There seemed to be more gradient on this second day and although it was rolling we both started to feel the efforts of the previous day of battling the high winds so we decided to stop for a restorative snack
Faces stuffed with pastry we carried on through very pretty countryside, over more fallen trees, dodged council workers with tractors either trimming blackthorn hedges or cleaning up debris (still no punctures)
Over some moorland following a very steep long climb we began to encounter signs of “civilisation” in the form of a golf course. Clearly they didn’t want a cycle path through their patch and so there was a lot of pointless gates and signs warning us not to stray onto the artificial countryside they had groomed, no danger of that from us! Then things got more and more urban as we reached Plymouth and the coast. Cycle paths next to dual carriageways are never fun but given that the alternative would be to be riding on the dual carriageways with the cars and lorries it was much preferable. then at last we made it to the sea!
Now all we had to do was make it across the city in school pick up traffic, find the rail station, find the correct bike storage carriage and start the journey back to Ilfracombe. It was touch and go but we just made it with about 2 minutes to spare. The two train journey was not uneventful though. The second train stopped half way back and became a bus replacement service, not good for bikes! we had the choice of waiting an hour in the hope that the next replacement was a coach and that the driver would let us put the bikes in cargo or get an expensive taxi instead. Being February at already 4pm and 54 miles of busy road away from the van which neither of us fancied the long ride in the dark so we resorted to four wheels.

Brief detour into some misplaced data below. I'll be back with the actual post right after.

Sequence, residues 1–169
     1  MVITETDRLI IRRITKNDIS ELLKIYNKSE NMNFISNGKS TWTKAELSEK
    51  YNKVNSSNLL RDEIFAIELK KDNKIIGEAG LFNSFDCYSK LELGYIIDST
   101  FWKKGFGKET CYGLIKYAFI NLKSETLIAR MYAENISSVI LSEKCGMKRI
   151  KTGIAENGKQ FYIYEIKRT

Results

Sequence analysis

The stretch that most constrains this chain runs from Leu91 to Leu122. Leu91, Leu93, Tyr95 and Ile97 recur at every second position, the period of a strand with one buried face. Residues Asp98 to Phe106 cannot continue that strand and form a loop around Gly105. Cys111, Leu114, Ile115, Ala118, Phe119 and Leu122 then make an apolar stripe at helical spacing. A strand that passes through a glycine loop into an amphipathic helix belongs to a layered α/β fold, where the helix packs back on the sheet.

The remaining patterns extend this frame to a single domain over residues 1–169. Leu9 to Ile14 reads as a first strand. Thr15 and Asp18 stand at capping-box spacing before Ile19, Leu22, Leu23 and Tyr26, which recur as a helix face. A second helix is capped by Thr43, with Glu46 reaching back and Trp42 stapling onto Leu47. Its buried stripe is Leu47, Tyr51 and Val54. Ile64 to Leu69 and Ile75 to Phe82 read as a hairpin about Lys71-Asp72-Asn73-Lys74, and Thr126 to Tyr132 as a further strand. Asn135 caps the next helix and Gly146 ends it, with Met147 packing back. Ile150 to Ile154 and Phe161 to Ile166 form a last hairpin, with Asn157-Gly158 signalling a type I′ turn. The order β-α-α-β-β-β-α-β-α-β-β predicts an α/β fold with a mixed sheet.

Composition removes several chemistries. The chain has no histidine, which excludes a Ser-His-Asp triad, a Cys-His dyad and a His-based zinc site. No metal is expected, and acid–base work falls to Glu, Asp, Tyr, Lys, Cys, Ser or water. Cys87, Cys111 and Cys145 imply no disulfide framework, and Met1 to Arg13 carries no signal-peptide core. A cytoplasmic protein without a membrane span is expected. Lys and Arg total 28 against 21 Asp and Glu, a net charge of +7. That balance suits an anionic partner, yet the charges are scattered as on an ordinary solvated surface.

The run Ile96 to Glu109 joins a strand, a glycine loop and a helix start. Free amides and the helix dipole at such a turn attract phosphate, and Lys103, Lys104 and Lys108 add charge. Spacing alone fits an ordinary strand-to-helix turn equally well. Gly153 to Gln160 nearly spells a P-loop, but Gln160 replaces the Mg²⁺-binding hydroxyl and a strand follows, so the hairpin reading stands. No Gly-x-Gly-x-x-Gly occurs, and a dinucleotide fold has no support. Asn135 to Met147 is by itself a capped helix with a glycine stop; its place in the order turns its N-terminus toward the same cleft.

After an “entertaining” taxi journey listening to the drivers tales of cyclists who had needed his services over the years (thank goodness Russ was up front so had to make conversation while I dosed in the back) we finally made it back to Ilfracombe at around 6pm. A quick stash of the bikes in the van and we headed down to the seafront for a chippy tea, Fish and chips never tasted so good!
Massive thanks to Russ for the route, i think out of the 94 miles only around 6 miles were actually on a busy road, the rest was cycle path or off road. We only had limited time and riding back to the car with another overnight stop would be a good alternative to using the train. Riding during a weather event made it harder than it would normally be as the route actually has easy climbs and long flat sections. It would be achievable in one day but you’d not have time to stop and admire the scenery and really take your time to soak it all in.
Now to plan another long route, Scottish C2C anyone?
here is the video I made of the route, it premieres at 1800 on 27/3/22 and it’ll give you a good overview of what to expect.